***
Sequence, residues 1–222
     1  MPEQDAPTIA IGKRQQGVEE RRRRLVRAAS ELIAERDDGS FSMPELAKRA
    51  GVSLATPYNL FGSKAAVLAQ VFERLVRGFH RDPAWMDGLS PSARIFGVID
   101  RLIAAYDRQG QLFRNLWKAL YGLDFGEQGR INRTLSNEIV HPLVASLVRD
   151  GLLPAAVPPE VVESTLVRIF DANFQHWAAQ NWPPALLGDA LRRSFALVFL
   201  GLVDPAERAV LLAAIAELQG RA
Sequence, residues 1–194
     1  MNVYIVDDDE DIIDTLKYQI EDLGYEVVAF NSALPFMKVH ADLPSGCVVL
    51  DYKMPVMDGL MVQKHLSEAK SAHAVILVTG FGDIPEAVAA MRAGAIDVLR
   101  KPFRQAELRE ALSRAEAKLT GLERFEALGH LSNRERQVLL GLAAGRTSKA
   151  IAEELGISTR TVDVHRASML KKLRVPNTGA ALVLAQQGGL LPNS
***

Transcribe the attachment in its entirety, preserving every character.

Sequence, residues 1–222
     1  MPEQDAPTIA IGKRQQGVEE RRRRLVRAAS ELIAERDDGS FSMPELAKRA
    51  GVSLATPYNL FGSKAAVLAQ VFERLVRGFH RDPAWMDGLS PSARIFGVID
   101  RLIAAYDRQG QLFRNLWKAL YGLDFGEQGR INRTLSNEIV HPLVASLVRD
   151  GLLPAAVPPE VVESTLVRIF DANFQHWAAQ NWPPALLGDA LRRSFALVFL
   201  GLVDPAERAV LLAAIAELQG RA
Sequence, residues 1–194
     1  MNVYIVDDDE DIIDTLKYQI EDLGYEVVAF NSALPFMKVH ADLPSGCVVL
    51  DYKMPVMDGL MVQKHLSEAK SAHAVILVTG FGDIPEAVAA MRAGAIDVLR
   101  KPFRQAELRE ALSRAEAKLT GLERFEALGH LSNRERQVLL GLAAGRTSKA
   151  IAEELGISTR TVDVHRASML KKLRVPNTGA ALVLAQQGGL LPNS